Of all the cuts proposed in President Trump’s new budget, the proposal to eliminate federal funding for the Corporation for Public Broadcasting is perhaps most poorly understood.
Because the CPB is an umbrella agency involved with PBS and NPR, any time the government considers cuts to the agency, it’s usually interpreted as the government defunding Sesame Street (which airs in first run on HBO now, before being rerun on PBS) or some other PBS Kids production. But the majority of PBS programming is produced by outside entities — member stations, another country’s broadcasters, or independent production companies (like Sesame Workshop) — and those outside entities usually secure their funding via means other than the government.
It’s true that just over 23 percent of the CPB’s budget (nearly entirely derived from the federal government) goes toward the development and acquisition of television and radio programming. And, yes, losing that stipend will hurt PBS and NPR on some level — though the difference will probably be covered by private funding, whether thanks to corporations, grant foundations, or the famous “viewers like you.”
But most of the federal government’s dollars to CPB (just over 65 percent) go toward one thing: keeping rural PBS and NPR stations alive. These stations only continue to operate due to funding from the federal government. If Trump’s proposed budget becomes law, PBS and NPR themselves will continue to exist, on TV, on the radio, and on digital platforms. So will local affiliates in major urban areas. But many of those rural stations will be shuttered.
The rural areas served by those stations backed Trump heavily. He received 62 percent of the vote in rural counties. Thus, his budget’s proposed defunding of CPB is yet another way that a policy proposed by Trump seems as if it will have the most adverse effect on those who voted for him.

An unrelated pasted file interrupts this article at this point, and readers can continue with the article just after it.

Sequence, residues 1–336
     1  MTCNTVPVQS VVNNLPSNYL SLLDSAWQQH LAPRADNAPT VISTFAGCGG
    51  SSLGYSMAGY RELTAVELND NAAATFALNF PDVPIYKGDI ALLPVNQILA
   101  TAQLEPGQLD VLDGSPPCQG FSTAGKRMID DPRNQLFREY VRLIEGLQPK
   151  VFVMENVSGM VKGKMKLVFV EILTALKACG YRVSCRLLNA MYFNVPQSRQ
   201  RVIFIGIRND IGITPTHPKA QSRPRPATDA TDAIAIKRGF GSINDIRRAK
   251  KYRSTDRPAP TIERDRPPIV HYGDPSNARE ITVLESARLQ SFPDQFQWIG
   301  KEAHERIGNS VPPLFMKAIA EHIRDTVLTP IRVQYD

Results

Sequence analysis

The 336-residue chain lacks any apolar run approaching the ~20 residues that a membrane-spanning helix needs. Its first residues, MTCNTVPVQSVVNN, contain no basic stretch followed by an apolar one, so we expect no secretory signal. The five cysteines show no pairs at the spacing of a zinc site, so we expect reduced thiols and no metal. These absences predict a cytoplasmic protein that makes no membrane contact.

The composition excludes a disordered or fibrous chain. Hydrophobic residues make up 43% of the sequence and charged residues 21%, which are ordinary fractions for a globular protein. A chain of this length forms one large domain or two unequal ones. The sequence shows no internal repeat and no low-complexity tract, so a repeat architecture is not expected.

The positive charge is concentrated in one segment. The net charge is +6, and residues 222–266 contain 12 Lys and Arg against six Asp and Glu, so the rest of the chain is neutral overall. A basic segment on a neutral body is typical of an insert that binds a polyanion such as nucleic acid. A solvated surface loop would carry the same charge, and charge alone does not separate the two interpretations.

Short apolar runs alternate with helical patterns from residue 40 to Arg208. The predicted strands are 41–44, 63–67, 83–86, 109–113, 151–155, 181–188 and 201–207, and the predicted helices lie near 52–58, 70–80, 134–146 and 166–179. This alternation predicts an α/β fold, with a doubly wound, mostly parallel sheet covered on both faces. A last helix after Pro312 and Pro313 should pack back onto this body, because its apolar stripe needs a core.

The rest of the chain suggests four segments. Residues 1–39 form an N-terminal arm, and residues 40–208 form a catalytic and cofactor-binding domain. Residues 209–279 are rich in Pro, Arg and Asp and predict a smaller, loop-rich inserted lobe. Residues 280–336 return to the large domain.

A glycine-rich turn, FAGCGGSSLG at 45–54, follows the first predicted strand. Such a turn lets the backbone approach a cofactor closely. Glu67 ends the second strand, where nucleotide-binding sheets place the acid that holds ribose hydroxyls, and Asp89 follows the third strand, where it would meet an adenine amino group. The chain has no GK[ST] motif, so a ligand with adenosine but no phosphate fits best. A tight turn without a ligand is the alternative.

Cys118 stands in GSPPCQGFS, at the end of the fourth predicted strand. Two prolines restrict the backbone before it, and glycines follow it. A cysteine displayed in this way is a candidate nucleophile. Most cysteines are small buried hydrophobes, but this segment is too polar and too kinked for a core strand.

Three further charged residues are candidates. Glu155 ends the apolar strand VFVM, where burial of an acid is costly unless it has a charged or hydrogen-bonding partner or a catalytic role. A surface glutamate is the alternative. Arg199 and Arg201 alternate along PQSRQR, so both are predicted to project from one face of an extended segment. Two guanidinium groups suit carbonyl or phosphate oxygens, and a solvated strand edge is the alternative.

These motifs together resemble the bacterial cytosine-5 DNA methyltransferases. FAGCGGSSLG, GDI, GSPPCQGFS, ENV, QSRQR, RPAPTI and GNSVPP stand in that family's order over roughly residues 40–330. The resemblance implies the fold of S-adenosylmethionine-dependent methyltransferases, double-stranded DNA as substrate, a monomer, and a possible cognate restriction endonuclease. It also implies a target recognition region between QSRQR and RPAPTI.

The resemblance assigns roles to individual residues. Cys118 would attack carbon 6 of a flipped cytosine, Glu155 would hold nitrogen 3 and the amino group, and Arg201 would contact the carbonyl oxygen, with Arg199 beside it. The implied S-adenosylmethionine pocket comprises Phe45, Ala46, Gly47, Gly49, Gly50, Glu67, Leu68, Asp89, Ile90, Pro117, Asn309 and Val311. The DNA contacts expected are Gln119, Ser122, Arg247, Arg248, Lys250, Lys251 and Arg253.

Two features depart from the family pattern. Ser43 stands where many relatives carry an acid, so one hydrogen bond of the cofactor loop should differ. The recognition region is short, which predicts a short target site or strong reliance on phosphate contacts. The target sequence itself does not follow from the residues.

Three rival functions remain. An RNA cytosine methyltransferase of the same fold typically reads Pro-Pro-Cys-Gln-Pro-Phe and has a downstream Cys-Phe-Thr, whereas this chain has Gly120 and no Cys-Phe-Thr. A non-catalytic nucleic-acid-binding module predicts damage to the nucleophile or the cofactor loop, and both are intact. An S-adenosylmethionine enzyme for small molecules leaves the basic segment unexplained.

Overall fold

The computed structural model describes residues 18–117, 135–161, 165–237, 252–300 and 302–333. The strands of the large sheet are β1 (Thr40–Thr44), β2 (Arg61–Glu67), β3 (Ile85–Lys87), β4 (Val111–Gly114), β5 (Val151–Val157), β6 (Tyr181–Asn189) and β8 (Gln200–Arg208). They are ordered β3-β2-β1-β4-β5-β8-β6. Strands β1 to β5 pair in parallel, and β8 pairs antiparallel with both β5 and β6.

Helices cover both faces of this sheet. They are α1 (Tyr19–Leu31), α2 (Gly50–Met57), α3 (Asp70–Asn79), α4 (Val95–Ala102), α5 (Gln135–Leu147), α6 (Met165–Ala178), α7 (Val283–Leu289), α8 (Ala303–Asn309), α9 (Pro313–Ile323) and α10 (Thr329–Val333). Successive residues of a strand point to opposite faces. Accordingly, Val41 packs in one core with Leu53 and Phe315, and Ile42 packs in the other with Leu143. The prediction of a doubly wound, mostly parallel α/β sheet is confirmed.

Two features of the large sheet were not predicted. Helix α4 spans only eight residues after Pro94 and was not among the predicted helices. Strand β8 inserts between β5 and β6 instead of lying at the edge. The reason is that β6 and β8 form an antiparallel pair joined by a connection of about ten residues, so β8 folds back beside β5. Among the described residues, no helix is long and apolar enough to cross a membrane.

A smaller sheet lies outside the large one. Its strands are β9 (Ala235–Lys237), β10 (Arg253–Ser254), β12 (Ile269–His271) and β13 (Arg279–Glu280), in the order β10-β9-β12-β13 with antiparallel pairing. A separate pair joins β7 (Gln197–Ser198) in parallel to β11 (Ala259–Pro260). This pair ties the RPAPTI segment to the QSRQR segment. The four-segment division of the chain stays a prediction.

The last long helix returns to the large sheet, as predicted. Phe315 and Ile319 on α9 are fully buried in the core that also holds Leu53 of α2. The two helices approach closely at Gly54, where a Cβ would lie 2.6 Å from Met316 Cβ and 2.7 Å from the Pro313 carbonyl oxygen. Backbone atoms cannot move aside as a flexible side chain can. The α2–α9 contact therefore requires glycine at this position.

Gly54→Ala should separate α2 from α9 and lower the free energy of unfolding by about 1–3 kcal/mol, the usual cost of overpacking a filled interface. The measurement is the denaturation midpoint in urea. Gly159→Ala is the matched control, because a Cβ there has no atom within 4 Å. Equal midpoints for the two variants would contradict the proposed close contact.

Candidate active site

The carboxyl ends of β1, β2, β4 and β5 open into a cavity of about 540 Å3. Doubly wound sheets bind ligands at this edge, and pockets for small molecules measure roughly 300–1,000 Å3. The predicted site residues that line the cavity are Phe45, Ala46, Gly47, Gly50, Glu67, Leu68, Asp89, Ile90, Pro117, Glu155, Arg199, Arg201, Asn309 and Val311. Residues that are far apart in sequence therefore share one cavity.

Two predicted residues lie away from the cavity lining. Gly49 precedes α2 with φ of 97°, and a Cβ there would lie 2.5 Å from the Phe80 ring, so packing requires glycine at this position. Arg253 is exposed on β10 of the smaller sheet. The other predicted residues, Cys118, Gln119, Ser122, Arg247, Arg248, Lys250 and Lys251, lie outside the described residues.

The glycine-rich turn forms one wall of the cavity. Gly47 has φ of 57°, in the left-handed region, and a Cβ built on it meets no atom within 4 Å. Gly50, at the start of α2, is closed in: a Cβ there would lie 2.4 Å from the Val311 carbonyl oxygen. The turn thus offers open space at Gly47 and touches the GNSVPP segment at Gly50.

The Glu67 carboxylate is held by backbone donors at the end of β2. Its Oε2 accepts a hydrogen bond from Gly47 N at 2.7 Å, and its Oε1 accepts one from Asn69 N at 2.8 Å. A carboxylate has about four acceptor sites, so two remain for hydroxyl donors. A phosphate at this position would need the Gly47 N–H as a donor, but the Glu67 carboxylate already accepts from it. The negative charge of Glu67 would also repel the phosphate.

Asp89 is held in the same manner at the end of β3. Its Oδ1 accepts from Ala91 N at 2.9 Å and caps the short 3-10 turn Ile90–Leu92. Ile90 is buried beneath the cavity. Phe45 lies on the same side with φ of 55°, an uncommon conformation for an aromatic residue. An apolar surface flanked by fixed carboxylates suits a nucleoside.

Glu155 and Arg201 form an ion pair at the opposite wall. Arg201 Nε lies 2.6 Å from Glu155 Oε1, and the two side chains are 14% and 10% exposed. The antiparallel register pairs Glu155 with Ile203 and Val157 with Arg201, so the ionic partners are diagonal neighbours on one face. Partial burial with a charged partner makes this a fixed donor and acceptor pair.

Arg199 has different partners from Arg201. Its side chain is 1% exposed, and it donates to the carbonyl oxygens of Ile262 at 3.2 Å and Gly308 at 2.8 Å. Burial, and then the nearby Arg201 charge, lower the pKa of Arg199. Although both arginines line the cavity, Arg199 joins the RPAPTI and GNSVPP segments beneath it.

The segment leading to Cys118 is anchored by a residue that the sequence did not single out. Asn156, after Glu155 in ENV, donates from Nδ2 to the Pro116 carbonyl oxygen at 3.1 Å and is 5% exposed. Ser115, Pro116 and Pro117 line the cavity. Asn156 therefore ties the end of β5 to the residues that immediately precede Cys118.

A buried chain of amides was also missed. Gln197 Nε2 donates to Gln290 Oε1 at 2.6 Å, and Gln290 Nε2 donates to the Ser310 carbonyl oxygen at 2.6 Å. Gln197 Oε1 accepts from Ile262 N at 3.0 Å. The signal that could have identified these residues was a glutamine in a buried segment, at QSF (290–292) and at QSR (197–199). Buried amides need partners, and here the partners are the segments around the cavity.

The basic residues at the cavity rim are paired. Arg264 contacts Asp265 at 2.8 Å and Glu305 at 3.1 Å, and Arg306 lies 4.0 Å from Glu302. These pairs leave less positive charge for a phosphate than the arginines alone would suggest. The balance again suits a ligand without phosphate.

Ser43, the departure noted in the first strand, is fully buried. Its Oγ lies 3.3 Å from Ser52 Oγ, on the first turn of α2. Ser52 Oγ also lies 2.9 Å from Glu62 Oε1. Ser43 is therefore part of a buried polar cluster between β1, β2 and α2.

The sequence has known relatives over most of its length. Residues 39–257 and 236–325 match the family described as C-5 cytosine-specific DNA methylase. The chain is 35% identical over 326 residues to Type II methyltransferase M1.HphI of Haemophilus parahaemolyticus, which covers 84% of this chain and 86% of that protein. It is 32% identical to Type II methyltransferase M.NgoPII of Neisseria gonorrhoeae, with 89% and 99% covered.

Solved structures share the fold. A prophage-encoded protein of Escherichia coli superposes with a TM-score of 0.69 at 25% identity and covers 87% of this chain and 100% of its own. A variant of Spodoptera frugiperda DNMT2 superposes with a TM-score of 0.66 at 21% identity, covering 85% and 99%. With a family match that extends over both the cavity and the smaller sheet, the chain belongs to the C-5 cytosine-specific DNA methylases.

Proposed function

It’s expensive to broadcast in rural areas
Though the majority of the country has access to cable television, broadband internet, and other forms of mass communication, there are still areas where significant percentages of the population get their TV “over the air” — which is to say they pull in signals with an antenna. (Almost all of us still do this with radio.)
When I spoke with PBS’s CEO Paula Kerger in 2016 (before the election), she explained to me how expensive it can be to operate TV stations in those areas:
There are people that just assume that cable television or satellite are how most people get content. That’s just not taking into account that there are parts of the country, particularly in rural areas, where over-the-air broadcast is significant in terms of how we get our content to people. But it's also how we connect into a lot of cable systems — through over-the-air broadcasts. [Cable companies] will pull down an [over-the-air] transmission, then send that out.
There are some in our system that would love nothing more than to not have to bear the cost of over-the-air transmission, the cost of the equipment and everything. I think it is such a significant part of our audience that it is the cost of doing business. Being able to maintain that is important.